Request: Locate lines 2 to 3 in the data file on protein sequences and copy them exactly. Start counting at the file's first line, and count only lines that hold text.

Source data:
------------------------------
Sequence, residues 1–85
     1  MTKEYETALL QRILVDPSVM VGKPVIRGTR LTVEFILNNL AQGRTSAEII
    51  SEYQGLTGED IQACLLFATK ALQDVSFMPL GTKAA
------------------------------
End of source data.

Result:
     1  MTKEYETALL QRILVDPSVM VGKPVIRGTR LTVEFILNNL AQGRTSAEII
    51  SEYQGLTGED IQACLLFATK ALQDVSFMPL GTKAA